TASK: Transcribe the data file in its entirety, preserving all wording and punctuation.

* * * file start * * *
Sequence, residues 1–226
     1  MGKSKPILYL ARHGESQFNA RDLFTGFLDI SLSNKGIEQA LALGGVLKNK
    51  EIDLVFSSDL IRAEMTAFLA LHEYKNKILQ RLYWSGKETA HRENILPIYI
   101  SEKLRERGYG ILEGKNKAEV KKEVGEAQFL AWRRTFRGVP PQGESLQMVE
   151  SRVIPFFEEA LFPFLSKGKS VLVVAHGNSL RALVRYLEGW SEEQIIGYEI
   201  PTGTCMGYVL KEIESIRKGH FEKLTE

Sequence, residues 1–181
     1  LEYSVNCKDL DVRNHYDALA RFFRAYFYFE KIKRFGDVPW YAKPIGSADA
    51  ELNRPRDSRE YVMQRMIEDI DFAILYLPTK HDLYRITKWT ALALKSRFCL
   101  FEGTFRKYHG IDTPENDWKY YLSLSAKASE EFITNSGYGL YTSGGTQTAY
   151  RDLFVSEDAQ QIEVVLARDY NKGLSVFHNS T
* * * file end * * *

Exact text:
Sequence, residues 1–226
     1  MGKSKPILYL ARHGESQFNA RDLFTGFLDI SLSNKGIEQA LALGGVLKNK
    51  EIDLVFSSDL IRAEMTAFLA LHEYKNKILQ RLYWSGKETA HRENILPIYI
   101  SEKLRERGYG ILEGKNKAEV KKEVGEAQFL AWRRTFRGVP PQGESLQMVE
   151  SRVIPFFEEA LFPFLSKGKS VLVVAHGNSL RALVRYLEGW SEEQIIGYEI
   201  PTGTCMGYVL KEIESIRKGH FEKLTE

Sequence, residues 1–181
     1  LEYSVNCKDL DVRNHYDALA RFFRAYFYFE KIKRFGDVPW YAKPIGSADA
    51  ELNRPRDSRE YVMQRMIEDI DFAILYLPTK HDLYRITKWT ALALKSRFCL
   101  FEGTFRKYHG IDTPENDWKY YLSLSAKASE EFITNSGYGL YTSGGTQTAY
   151  RDLFVSEDAQ QIEVVLARDY NKGLSVFHNS T